I'm still reading the doc -- interesting on the whole. The idea is how to lower "real" interest rates below that of actual inflation to make the prospect of borrowing money and lending money worthwhile, thereby assuring that cash is still circulating in the system.

The argument is that central banks cut rates slower than the deflation rate in such an environment (yet again, policy makers are using the Great Depression as an example), which in essence makes the rate "cut" still more expensive to borrow the money than just put it under the cushion.

What I think may be misinterpreted here is who that borrower is: I don't think they're saying that consumers will be charged to literally save money, but that banks which borrow money from the Fed will be charged, thereby incentivized to actually make loans in a deflationary environment, thereby (smartly?) giving companies the cheap capital needed to fuel expansion and what not.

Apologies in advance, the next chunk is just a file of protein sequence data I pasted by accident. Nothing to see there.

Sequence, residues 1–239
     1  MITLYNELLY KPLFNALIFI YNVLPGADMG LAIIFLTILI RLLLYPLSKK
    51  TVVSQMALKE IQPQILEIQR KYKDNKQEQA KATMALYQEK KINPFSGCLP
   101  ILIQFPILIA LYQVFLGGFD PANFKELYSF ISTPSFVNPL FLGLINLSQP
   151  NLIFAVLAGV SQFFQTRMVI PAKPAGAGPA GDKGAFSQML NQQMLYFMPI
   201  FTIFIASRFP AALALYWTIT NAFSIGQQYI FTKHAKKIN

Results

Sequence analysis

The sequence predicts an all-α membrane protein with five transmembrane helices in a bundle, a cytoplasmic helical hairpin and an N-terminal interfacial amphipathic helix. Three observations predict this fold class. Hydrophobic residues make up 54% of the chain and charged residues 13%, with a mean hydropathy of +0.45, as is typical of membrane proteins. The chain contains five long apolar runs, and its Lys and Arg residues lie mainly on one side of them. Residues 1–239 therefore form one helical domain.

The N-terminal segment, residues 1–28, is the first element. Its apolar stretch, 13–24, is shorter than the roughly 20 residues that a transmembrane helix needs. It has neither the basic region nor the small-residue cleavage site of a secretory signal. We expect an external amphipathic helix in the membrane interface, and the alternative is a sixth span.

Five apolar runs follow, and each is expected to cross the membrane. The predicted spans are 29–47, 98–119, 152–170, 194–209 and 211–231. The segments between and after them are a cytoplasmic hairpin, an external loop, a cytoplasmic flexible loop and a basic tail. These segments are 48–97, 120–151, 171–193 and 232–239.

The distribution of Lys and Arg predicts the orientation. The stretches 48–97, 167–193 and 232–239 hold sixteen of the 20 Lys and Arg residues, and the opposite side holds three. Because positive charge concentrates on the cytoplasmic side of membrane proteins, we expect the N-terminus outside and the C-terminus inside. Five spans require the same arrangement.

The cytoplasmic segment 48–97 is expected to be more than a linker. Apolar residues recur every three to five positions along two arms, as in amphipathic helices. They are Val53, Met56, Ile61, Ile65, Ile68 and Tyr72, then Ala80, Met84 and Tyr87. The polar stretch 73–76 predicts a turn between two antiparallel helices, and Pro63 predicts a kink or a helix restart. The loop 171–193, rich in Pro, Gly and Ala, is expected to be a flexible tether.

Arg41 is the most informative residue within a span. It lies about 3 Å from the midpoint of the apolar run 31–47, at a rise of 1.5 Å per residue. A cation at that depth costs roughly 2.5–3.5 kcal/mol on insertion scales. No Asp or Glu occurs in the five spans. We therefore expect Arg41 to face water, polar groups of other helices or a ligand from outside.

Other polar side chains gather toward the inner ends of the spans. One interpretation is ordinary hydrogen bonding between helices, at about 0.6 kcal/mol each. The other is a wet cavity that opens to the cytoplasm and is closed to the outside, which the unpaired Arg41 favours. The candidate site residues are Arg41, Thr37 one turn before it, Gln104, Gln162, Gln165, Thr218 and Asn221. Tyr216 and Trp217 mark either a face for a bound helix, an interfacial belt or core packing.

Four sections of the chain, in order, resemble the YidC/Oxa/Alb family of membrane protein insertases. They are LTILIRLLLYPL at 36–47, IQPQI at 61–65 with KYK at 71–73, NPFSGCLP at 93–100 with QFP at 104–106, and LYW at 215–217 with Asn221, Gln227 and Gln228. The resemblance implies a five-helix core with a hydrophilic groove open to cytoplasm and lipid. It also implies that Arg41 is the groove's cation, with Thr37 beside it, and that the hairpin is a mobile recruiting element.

posted on Dec, 8 2008 @ 02:10 PM
link   

Originally posted by Darthorious

Never happen as the whole darn country would revolt.


No Im sorry the country wont revolt. We will take it on the chin and continue on with life like always. Our society doesnt have the stomach for revolt. We would rather be sheeple and worry about what is going on in Paris Hiltons life than worry about every single bit of freedom being stripped from us. Sorry I have to disagree with your statement.



posted on Dec, 8 2008 @ 02:41 PM
link   
Shouldn't the Federal Reserve have been done away with back when Kennedy was President, and he wanted it to be? Gah.